I belong to a faculty union, now in it's third year of contract negotiations (for a contract which lasts four years). The sticking point, unsurprisingly, is not money. No one expects any of that–no one other than the administration, the top rung of which has been lavished with raises equal in some cases to my entire full time Assistant Professor salary. No one is complaining; their punishment is that they get to be administrators. The sticking point is workload.
But that's not really want I wanted to talk about. I'd like to talk about promises. David Leonhardt, writing in the New York Times, writes:
To be clear, I’m making an argument that’s different from “Government workers are overpaid.” I’m saying that they are paid in the wrong ways — in ways that make life easier on union leaders and elected officials, at least initially, but that eventually hurt both workers and taxpayers.
The best example is health insurance. Health plans for union workers and retirees are much more likely to require little or no co-payment, which leads to lots of medical treatments that don’t make people any healthier, and to huge costs. Ultimately, some of these plans will probably prove so expensive as to be unsustainable. Workers would have been better off accepting a less generous benefit package and slightly higher salaries.
Got that. He's not saying they're overpaid. He's saying they're overpaid.
On a different point. Workers negotiated those plans on purpose. They accept lower salary in favor of better health and retirement benefits, because they understand that this is part of their compensation. The responsibility for making these deals sustainable belongs not to them, but to the people with whom they negotiated. If it doesn't, then Leonhardt has justified negotiation in bad faith, and has placed the blame on failing to follow through on promises with the promise breaker.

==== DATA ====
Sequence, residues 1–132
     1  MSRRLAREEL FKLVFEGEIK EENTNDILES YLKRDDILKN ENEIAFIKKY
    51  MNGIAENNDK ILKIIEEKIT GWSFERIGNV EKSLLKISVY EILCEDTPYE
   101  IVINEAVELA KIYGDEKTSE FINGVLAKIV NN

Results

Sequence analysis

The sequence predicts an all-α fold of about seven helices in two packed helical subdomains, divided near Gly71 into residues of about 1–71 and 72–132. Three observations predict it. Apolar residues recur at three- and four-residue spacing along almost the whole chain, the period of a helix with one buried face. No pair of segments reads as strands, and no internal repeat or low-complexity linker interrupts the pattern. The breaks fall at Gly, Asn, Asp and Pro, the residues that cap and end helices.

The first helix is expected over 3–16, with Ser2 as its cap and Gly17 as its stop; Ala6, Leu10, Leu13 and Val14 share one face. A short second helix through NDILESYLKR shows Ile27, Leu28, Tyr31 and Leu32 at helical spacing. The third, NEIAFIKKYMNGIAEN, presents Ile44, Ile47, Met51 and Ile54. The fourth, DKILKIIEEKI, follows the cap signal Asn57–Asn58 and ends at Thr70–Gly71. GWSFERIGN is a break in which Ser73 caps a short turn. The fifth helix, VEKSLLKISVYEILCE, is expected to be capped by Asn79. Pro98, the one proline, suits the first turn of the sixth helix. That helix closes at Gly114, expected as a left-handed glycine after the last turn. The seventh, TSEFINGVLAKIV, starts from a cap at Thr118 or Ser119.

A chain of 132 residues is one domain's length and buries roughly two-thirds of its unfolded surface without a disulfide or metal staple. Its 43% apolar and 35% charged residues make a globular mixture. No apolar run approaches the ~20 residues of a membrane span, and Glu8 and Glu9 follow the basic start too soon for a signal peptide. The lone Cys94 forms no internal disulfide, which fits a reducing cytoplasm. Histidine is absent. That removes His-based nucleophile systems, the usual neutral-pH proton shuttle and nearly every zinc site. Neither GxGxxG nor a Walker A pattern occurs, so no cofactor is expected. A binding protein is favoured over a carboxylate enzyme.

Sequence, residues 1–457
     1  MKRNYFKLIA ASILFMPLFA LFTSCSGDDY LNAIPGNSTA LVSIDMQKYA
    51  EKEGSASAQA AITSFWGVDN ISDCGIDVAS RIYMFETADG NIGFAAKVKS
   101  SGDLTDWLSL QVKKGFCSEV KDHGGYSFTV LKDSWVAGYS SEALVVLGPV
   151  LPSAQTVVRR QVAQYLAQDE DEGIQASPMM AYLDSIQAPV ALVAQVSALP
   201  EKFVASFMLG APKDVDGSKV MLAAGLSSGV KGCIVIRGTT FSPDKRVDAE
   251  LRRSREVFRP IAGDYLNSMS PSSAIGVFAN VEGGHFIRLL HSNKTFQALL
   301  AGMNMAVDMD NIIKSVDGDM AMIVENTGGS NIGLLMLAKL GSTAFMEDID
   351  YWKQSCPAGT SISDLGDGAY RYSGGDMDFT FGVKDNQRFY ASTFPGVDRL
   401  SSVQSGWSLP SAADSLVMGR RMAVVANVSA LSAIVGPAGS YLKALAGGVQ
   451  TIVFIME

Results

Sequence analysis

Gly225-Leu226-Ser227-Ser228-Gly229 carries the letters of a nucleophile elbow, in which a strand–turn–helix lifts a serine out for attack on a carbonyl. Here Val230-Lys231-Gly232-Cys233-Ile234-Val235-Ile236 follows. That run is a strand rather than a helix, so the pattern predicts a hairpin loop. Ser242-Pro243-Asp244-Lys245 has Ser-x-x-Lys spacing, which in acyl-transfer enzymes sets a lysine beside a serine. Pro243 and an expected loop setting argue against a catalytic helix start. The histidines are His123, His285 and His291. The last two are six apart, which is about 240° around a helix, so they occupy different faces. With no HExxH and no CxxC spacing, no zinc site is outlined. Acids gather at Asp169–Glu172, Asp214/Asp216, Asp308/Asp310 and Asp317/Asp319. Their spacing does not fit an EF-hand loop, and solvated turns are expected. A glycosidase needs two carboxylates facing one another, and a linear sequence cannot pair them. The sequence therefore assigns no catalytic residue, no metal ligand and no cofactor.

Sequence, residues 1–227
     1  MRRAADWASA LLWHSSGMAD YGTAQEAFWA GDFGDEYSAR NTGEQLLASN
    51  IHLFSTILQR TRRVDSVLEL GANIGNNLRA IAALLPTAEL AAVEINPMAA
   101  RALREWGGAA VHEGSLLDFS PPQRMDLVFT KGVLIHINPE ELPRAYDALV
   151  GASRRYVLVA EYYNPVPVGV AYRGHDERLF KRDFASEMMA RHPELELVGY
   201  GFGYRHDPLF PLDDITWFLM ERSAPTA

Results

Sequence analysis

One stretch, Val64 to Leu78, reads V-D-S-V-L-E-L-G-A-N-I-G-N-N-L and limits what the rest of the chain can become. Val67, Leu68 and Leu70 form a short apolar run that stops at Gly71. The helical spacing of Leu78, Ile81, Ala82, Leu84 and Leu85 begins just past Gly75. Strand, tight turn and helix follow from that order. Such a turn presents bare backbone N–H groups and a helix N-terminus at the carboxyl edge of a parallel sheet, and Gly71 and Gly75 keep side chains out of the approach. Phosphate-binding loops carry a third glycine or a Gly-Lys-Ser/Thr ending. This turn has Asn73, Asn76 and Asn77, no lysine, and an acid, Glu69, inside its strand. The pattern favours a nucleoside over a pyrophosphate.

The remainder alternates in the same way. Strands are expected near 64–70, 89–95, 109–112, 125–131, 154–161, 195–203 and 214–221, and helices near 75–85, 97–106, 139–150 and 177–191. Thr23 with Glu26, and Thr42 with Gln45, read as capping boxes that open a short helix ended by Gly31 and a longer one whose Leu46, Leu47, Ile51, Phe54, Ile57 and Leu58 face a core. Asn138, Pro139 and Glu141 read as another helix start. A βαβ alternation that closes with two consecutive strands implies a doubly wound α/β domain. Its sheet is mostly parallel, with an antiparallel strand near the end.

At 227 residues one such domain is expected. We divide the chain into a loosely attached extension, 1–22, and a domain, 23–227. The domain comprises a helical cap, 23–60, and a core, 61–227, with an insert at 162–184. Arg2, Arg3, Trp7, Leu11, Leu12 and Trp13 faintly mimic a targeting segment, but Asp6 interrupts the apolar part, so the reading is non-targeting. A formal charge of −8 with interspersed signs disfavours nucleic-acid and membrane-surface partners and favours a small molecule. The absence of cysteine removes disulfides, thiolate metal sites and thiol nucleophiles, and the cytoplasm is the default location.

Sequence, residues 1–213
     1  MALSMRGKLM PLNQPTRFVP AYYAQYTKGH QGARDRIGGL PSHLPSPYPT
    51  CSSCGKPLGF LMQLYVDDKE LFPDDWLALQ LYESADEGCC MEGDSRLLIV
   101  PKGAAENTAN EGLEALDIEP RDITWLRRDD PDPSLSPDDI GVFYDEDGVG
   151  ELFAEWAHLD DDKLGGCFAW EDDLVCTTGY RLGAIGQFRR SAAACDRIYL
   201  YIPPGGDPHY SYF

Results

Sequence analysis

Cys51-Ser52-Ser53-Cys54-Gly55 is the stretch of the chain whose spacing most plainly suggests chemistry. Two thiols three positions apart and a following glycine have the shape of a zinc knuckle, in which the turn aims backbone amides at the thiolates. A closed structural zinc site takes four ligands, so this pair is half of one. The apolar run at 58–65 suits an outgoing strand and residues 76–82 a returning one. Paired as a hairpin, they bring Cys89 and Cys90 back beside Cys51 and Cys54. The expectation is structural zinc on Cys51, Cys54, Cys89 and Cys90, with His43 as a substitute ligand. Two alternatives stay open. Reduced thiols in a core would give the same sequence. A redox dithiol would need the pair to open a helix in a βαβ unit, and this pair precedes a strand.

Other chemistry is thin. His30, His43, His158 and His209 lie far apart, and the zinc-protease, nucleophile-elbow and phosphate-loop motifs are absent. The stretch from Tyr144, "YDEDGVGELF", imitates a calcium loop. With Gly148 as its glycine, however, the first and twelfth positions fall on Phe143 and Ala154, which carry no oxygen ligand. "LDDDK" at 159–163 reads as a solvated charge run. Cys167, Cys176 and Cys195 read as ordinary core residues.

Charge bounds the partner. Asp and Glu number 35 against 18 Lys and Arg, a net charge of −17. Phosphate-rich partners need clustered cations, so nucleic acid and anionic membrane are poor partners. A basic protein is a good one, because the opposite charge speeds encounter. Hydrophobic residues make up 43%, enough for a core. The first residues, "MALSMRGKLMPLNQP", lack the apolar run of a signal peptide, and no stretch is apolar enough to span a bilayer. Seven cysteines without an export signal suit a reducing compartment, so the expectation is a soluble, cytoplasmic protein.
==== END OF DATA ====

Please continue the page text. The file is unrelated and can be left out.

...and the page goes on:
In the moral universe, promises such as those outlined in contracts entail moral obligations to uphold them–however "unsustainable" they may be. If they turn out, in this case, to be unsustainable, the fault lies with the promiser.
**In other news. Corporations have no personal right to privacy:
“Two words together may assume a more particular meaning than those words in isolation,” he wrote, adding that “personal privacy” suggests “a kind of privacy evocative of human concerns.”
The chief justice had examples here, too. “We understand a golden cup to be a cup made of or resembling gold,” he wrote. “A golden boy, on the other hand, is one who is charming, lucky and talented. A golden opportunity is one not to be missed.”
I wonder if Roberts noticed all of the clerks laughing.